Sports ministers kick off EU policy dialogue


Ministers gathered for the first ever EU Sports Council last week agreed to establish a regular dialogue between representatives of sports movements and EU policymakers. But observers warned that it was not yet clear who was representing the sports movement in Brussels. 

Ministers responsible for sport adopted a resolution last Thursday (18 November) establishing an ongoing "high-level structured dialogue" between the EU institutions and stakeholders from the sports world.

Those consulted must include Olympic sports and non-Olympic sports, professional and amateur sports, competitive and recreational sports, grassroots sports and sport for people with disabilities, the ministers stressed.

The first such meeting would take place in early December, they announced.

The ministers hope that a strengthened EU dialogue with sport stakeholders will "serve as an opportunity for a continuous and well-structured exchange of views on priorities, implementation and follow-up to EU cooperation in the field of sport". They identified a "specific need to develop the high-level component" of the exchanges that exist already.

Only "a limited number of participants" will be invited to the meetings, but organisers will seek to ensure "balanced participation" from the EU institutions, public authorities and representatives of the sports movement.

Particular efforts must be made to achieve "representative, broad and balanced participation from the sports movement" and to ensure continuity of representation.

Battle for representation

Some sports stakeholders, however, believe the EU institutions have so far failed to cast their net wide enough in canvassing opinion on the future EU sports policy.

"There isn't really one voice that represents sport in Brussels," a source close to the policy debate told EURACTIV. "It has been suggested that the International Olympic Committee (IOC) could be the best body, but they don't represent the grassroots."

"De facto it's been the IOC so far, as there is no other viable body. The problem is that you can't have 200 sports federations represented at once, but you can't have football represented by rugby either," the source said.

Mogens Kirkeby, president of the International Sport and Culture Association, told a European Parliament hearing last week that "we need to involve stakeholders from beyond the limited sports sector" in designing EU sports policy.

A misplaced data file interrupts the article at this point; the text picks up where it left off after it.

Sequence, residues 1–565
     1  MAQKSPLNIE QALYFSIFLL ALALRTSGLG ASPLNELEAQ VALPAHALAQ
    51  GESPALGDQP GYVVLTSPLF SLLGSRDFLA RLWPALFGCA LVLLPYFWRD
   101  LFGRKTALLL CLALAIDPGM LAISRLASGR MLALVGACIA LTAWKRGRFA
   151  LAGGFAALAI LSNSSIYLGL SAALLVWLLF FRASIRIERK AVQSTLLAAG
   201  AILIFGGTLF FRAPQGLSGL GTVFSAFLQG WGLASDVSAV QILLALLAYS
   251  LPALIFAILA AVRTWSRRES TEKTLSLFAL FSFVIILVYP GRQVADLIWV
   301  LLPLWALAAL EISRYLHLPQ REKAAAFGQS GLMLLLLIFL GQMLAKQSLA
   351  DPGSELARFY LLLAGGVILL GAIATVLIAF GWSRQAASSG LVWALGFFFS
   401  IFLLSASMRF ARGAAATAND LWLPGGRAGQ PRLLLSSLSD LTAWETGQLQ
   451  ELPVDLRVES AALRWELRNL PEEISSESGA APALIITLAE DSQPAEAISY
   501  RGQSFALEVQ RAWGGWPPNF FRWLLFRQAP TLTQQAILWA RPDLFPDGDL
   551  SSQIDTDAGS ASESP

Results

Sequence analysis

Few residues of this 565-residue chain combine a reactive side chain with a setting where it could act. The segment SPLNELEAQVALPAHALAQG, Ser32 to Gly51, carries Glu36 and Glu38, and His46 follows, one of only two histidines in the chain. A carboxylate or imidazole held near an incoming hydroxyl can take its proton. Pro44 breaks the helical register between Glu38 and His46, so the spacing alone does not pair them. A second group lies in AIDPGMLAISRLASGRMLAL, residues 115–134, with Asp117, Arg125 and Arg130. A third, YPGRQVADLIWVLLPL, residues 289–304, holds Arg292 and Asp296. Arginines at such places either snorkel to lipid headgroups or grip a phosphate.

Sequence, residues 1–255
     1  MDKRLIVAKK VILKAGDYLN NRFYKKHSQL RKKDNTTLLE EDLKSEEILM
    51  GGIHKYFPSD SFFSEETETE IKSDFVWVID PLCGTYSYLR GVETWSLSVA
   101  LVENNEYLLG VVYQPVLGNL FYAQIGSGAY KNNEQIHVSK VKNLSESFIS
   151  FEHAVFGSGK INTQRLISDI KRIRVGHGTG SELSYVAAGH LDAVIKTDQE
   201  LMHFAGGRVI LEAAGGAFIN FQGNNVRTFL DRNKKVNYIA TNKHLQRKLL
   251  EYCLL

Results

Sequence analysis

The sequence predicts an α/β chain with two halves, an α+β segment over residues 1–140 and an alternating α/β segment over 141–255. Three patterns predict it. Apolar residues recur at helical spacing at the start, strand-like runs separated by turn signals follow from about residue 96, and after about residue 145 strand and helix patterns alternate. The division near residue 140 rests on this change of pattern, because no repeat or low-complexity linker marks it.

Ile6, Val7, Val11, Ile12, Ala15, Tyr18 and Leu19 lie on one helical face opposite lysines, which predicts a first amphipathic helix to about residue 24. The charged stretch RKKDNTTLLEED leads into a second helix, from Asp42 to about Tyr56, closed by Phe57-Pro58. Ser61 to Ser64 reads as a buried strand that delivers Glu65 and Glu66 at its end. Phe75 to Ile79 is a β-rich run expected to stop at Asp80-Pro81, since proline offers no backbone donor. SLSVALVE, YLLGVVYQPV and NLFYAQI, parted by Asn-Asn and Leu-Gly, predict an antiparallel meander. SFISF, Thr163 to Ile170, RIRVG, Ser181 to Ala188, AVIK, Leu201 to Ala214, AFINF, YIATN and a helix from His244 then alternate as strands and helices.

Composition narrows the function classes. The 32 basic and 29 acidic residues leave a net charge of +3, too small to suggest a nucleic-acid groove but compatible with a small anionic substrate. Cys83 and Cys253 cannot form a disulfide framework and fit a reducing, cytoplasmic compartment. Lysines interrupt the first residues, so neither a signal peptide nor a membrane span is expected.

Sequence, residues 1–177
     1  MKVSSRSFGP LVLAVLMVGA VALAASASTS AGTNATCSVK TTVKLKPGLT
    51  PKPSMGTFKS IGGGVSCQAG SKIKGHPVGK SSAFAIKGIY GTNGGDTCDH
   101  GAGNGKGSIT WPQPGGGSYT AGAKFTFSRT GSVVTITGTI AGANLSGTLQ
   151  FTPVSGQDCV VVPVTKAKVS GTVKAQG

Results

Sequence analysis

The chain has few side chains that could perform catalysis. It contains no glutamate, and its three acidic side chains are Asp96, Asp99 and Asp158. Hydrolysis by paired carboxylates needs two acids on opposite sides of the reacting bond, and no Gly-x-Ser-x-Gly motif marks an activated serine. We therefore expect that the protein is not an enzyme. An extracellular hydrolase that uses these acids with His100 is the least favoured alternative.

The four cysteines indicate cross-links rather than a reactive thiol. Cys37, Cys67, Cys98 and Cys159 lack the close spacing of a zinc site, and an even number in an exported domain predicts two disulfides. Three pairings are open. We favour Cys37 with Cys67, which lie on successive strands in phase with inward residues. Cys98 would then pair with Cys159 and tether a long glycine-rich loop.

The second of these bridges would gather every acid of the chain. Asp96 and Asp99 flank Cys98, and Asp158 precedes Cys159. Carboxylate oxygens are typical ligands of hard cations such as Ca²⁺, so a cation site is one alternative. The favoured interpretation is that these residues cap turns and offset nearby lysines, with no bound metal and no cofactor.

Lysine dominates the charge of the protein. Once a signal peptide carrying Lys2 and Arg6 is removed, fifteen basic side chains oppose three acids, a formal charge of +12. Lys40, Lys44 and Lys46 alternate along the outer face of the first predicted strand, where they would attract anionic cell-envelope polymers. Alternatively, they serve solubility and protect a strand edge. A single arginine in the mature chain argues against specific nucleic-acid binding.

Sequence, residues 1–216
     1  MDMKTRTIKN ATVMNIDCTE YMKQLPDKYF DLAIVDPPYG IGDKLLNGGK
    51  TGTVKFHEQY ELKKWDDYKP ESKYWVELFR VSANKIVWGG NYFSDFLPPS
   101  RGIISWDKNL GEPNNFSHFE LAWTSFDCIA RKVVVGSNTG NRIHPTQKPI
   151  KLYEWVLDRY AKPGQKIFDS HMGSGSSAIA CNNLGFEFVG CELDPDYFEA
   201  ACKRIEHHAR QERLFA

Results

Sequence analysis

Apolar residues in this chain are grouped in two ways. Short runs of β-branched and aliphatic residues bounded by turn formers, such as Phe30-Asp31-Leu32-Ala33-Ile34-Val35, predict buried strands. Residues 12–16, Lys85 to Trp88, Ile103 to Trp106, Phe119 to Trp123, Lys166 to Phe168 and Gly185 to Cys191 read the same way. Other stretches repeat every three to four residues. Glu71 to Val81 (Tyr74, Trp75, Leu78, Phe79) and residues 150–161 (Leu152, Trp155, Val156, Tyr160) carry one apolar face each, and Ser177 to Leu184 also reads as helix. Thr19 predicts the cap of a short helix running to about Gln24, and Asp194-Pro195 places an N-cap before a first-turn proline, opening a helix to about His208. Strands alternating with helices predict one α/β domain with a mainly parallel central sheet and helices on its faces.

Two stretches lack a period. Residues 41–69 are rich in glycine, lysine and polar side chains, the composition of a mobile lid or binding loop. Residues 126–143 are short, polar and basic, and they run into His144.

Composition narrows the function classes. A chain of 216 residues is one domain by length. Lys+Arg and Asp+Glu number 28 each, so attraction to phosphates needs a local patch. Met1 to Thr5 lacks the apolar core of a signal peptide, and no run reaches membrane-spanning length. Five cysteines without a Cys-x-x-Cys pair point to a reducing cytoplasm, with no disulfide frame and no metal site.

Sport's role in social inclusion

Meanwhile, the ministers also adopted conclusions on the role of sport as a source and driver of social inclusion, identifying three common priorities for promoting social inclusion through sport: ensuring that sports activities are accessible for all citizens (the so-called 'Sport for All' principle), making better use of sport's potential to contribute to community building, social cohesion and growth, and establishing transnational exchanges of strategies and methodologies.

Welcoming the Council's recognition of the role played by sport as a catalyst for social inclusion, Androulla Vassiliou, the European commissioner responsible for sport, said "sport can open doors and give people a second chance".

The Commission works with national authorities and sports organisations to help people from disadvantaged groups like migrants, drug users, ex-offenders and those who have left school with no qualifications. 

Fight against doping

Ministers also adopted conclusions on the role of the EU in the global fight against doping in sport, stressing the need for better coordination of EU and national positions ahead of meetings of the World Anti-Doping Agency (WADA) – in particular to defend the free movement of athletes and protect their privacy and personal data.

Now that the Lisbon Treaty has given the European Union a competence on sport, "ensuring that the views of the EU and its member states are given due weight in WADA deliberations is of crucial importance," state the ministers' conclusions, adding that it will be the rotating Council presidency's responsibility to coordinate the EU's position ahead of WADA meetings.